Australia

'I'm not naive': Morrison says US-China trade deal unlikely

0:00

Prime Minister Scott Morrison is doubling down on pursing a regional trade deal as hopes fade that the US and China can reach a resolution to their dispute.

Trade tensions between China and the United States are unlikely to be resolved during the two-day G20 summit but Scott Morrison is hoping deals with other countries will ease the impact on Australia.

The prime minister has spoken with both US President Donald Trump and Chinese leader Xi Jinping while in Osaka for the meeting with major country leaders.

But he says it would be unrealistic to expect a resolution to the months-long tension and tit-for-tat tariffs when the leaders of the two economic giants meet on Saturday.

"There's obviously a determination to resolve it but I'm not naive about the difficulties of that occurring," Mr Morrison told reporters on Friday.

Donald Trump shakes hands with Xi Jinping.
Donald Trump shakes hands with Xi Jinping.
AAP

"The fact that they're engaging is positive but I'm simply aware that there are very real, substantial and difficult issues to be resolved."

Mr Morrison told both presidents their spat was negatively impacting the global economy, hurting other countries.

"The comment isn't made as a criticism, it's just made as a candid observation. And I'm not the only one making it who's here," he said.

The IMF has put a concrete measure on that impact, saying global growth in normal circumstances would be 3.6 per cent in 2020 but would drop to 3.1 per cent if planned additional tariffs are implemented.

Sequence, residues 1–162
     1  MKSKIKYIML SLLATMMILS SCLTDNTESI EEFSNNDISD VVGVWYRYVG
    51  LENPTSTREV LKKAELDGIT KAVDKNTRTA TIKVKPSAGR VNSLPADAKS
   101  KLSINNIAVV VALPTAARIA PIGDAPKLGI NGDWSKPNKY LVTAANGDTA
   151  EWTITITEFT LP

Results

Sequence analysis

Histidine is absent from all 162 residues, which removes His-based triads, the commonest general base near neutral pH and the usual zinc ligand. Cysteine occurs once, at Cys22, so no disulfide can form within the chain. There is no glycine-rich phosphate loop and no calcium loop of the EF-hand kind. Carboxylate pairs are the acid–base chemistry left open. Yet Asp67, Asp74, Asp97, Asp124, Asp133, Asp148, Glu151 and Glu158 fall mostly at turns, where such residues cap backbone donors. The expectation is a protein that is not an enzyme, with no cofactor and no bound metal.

Scott Morrison at the G20.
Scott Morrison at the G20.
AAP

Japanese Prime Minister Shinzo Abe opened the formal meetings by telling leaders the world was watching and the summit must send a strong message to maintain and strengthen a free, fair and open trading environment.

"I harbour grave concern regarding the current situation on global trade," Mr Abe told the G20's first session.

"Free and open economy is the foundation of peace and prosperity, while anxiety and discontent about the abrupt changes due to globalisation at times generate a temptation to protectionism, bringing in sharp confrontation between states."

Mr Trump was asked at the start of his dinner with Mr Morrison on Thursday whether he recognised his "America first" policies, especially on trade, hurt allies like Australia.

"I think I can say very easily that we've been very good to our allies," he told reporters.

However, he wasn't receptive to Mr Morrison's argument the US-China dispute was damaging other countries' interests.

The US holds concerns over theft of intellectual property, forced transfer of technology and industrial subsidies, which Mr Morrison has said are legitimate worries.

Mr Trump indirectly targeted Chinese technology giant Huawei in remarks to a G20 session on the digital economy, warning that "at the same time as we expand digital trade, we must also ensure the resilience and security of our 5G networks".

"This is essential to our shared safety and prosperity," Mr Trump said.

He and Mr Morrison also discussed the bans several Five Eyes countries have placed on Huawei supplying technology for 5G networks.

Another sign of the tense Sino-US relationship came at the official "family photo" of all G20 attendees, when Mr Xi switched places with Turkey's leader rather than stand in his assigned spot next to Mr Trump.

Mr Morrison, meanwhile, is talking up the prospect of sealing the Regional Comprehensive Economic Partnership deal with the 10 ASEAN countries and six others in the Indo-Pacific, not including the US.

"If anything, what all of this demonstrates is why Australia has to be out and about as much as possible, engaging with as many countries as we can, to secure as many opportunities as we can," he said.

He discussed the deal with Mr Abe on Thursday, following talks with Singaporean leader Lee Hsien Loong earlier this month.

It is hoped the deal can be finalised by year's end.

Stay up to date with SBS NEWS

  • App
  • Subscribe
  • Follow
  • Listen
  • Watch